The Least Fat People In The World
Bangladeshis are the least obese people in the world. Of the over two billion people who suffer from obesity, Bangladesh has the lowest rate at 1 per cent. It may be a happy coincidence that another Asian country, Vietnam, which emerged as a republic around the same time, also share the same low rate on the obesity factor. A recent report says the US has the greatest percentage of obese children and young adults at 13 per cent, while Egypt, with over 35 per cent, led in terms of adult obesity.
To Save Pashupatinath Monkeys
After the Pashupati Area Development Trust ‘proved’ to the country’s Supreme Court that the 600-odd monkey population in and around the premises of the Pashupatinath temple wasn’t a “nuisance” to pilgrims and tourists, they have come out with a rather tragic observation. The trust has appealed to the government and the public in general to help the monkeys living in the temple complex, who are starving due to the increased pollution in river Bagmati, which runs through the temple complex. As is characterisitc of urban development in South Asia, the Bagmati has been reduced to a drain in Kathmandu. This has seriously affected the monkeys’ access to drinkable water and food. Many of the sapiens in the temple complex are now falling sick. Hopefully, the appeal will lead to some action.
Fence And Corridor
Afghanistan’s relations with Pakistan have mostly been inversely proportionate to Kabul’s ties with Delhi. The warmest phase in Indo-Afghan ties invariably coincides with one when Afghanistan’s relations with Pakistan are going through the worst period. Nothing perhaps, exemplifies this better than the interesting political developments that took place last week involving the three countries.
At a time when India and Afghanistan started their first air corridor to facilitate goods between the countries, Pakistan began supervising the work on fences along its border with Afghanistan. The air corridor surely symbolises growing Indo-Afghan ties and Kabul’s growing confidence in Delhi to deepen cooperation and expand it to other areas.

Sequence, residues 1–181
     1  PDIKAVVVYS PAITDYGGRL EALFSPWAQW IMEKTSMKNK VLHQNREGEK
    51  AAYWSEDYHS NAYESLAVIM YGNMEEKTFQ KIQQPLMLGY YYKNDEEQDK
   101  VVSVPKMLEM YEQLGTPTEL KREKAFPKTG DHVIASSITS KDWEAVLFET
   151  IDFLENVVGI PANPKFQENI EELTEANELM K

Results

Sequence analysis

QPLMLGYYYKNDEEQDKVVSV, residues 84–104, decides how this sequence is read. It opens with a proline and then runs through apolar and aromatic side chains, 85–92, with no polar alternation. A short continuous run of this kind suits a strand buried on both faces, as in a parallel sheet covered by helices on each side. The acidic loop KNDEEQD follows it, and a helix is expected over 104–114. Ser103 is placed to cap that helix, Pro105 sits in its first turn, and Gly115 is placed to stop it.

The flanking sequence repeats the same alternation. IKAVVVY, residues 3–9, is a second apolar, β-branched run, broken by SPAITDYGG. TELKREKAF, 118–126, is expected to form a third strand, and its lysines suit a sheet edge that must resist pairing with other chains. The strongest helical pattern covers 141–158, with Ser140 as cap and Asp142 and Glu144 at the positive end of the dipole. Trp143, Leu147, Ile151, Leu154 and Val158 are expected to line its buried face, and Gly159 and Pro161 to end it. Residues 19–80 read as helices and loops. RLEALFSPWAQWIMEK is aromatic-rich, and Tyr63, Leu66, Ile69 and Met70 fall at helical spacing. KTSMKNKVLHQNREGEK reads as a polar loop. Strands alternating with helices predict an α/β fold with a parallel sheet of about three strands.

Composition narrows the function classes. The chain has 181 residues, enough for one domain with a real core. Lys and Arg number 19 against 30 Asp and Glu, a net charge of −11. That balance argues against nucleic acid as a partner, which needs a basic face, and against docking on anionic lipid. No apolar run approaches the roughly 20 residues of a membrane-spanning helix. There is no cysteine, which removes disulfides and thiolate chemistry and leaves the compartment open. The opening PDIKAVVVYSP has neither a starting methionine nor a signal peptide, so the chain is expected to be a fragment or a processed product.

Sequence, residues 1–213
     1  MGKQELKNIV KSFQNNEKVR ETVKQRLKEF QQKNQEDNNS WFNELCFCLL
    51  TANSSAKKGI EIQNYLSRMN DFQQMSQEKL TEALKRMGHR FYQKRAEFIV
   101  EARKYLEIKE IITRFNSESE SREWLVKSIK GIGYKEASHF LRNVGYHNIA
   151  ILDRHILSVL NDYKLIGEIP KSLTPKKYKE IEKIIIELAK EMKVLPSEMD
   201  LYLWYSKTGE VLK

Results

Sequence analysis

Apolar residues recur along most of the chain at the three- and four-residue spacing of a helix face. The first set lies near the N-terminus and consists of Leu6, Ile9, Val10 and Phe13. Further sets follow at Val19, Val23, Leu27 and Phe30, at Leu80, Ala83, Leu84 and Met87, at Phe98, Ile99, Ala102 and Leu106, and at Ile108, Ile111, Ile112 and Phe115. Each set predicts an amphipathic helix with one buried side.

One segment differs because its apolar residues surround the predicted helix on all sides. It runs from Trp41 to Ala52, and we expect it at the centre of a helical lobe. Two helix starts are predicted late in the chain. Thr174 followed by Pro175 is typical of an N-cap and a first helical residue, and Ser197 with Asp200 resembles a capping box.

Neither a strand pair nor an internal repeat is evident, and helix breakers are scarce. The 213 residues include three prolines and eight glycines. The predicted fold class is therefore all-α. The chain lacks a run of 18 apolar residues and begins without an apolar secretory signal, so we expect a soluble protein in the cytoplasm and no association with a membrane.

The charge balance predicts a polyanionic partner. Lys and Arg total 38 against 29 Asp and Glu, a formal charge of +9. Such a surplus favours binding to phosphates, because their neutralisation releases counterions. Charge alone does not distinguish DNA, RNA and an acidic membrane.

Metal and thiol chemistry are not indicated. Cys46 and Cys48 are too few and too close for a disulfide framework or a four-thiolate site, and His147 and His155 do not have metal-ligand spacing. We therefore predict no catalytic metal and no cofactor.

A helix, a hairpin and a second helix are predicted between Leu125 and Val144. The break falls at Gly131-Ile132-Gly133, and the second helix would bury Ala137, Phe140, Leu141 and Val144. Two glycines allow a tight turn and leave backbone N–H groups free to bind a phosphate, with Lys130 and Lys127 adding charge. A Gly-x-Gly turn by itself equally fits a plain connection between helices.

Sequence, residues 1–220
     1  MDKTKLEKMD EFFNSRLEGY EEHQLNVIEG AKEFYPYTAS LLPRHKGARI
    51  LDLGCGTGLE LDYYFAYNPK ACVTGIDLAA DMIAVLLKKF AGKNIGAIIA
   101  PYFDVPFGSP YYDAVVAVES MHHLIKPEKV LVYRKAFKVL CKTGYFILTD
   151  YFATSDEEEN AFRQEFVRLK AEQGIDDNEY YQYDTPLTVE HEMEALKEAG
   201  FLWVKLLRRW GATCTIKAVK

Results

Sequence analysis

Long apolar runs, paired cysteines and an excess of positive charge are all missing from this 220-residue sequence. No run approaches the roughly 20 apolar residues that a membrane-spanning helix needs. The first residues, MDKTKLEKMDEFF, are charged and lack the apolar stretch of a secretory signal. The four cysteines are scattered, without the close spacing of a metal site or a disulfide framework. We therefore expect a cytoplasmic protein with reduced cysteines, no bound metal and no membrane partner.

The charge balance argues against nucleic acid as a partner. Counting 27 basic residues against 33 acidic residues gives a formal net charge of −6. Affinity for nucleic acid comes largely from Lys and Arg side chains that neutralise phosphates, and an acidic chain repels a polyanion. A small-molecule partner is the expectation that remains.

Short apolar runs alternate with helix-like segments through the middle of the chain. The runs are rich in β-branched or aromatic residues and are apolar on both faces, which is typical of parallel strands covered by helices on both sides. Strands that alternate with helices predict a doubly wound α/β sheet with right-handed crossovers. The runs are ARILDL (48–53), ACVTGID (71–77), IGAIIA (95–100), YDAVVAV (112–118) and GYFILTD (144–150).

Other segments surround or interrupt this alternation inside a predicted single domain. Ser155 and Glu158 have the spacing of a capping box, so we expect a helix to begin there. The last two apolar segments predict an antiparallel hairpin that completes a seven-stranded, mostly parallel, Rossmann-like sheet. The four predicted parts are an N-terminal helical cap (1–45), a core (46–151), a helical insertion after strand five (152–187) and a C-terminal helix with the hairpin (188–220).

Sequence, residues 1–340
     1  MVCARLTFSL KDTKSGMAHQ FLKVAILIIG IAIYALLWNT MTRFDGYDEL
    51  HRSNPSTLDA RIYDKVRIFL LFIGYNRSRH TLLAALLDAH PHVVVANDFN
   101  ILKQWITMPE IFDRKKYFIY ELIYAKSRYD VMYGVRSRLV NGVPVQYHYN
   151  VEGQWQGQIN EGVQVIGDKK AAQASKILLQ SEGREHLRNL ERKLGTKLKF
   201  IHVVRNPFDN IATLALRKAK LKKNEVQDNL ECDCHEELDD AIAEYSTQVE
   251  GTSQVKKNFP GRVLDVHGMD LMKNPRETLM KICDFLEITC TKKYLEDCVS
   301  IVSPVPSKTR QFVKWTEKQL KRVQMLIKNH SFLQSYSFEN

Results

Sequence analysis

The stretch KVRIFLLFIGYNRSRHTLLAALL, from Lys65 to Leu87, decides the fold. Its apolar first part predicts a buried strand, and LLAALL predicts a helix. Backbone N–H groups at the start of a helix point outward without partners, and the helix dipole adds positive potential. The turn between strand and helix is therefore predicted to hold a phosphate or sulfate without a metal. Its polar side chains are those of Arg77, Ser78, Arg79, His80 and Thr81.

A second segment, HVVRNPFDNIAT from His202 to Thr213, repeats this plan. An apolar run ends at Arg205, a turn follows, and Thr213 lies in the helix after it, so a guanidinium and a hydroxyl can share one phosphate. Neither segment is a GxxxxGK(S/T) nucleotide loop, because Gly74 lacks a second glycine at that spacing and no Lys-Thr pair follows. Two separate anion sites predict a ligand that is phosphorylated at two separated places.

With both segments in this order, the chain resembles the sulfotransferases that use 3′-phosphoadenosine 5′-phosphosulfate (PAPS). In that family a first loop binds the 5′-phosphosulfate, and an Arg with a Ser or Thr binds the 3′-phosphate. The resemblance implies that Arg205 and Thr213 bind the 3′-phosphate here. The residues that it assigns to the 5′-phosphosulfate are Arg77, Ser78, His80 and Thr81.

By contrast, the building of the fence on the Af-Pak border not only shows strains in bilateral ties but also indicate that they are unlikely to be mended in a hurry.
The air corridor symbolises growing India-Afghan ties. Pakistan’s fence along the AfPak border conveys just the opposite.
According to the Pakistan army’s Inter Services Public Relations (ISPR), the fencing was an effort to improve the security situation along the international boundary. It said construction of the fence was to take place in two phases—in the first phase “high infiltration” prone border areas in Bajaur, Mohmand and Khyber Agencies will be sealed off, while in the second phase the area of Balochistan will be fenced off.
Pakistani media reports suggested that besides fencing, the Pakistani Army and Khyber Pakhtunkhwa Frontier Corps were also planning to construct forts and border posts to improve defence and surveillance.
An ISPR press statement said, “A secure Pak-Afghan border is in the interest of both countries and a well-coordinated border security mechanism is essential for enduring peace and stability.” Mohmand and Bajaur, abutting Nangarhar and Kunar provinces of the Af-Pak area, have seen an increase in terrorist activities recently, especially from groups like Jamaat-ul-Ahrar and Tehreek-i-Taliban Pakistan.
The Afghan government has often accused Pakistan of encouraging cross-border terrorism inside Afghanistan by harbouring these terror outfits.
Meanwhile, an aircraft packed with 60 tonnes of Afghan plants with medicinal uses marked the opening of the first air cargo between it and India. It was a reminder of the potential of trade and investment that Afghanistan holds. The cargo, worth $60 million, can lead to many more such flights between the two countries in the coming days, bypassing Pakistan.
Illustrations by Sajith Kumar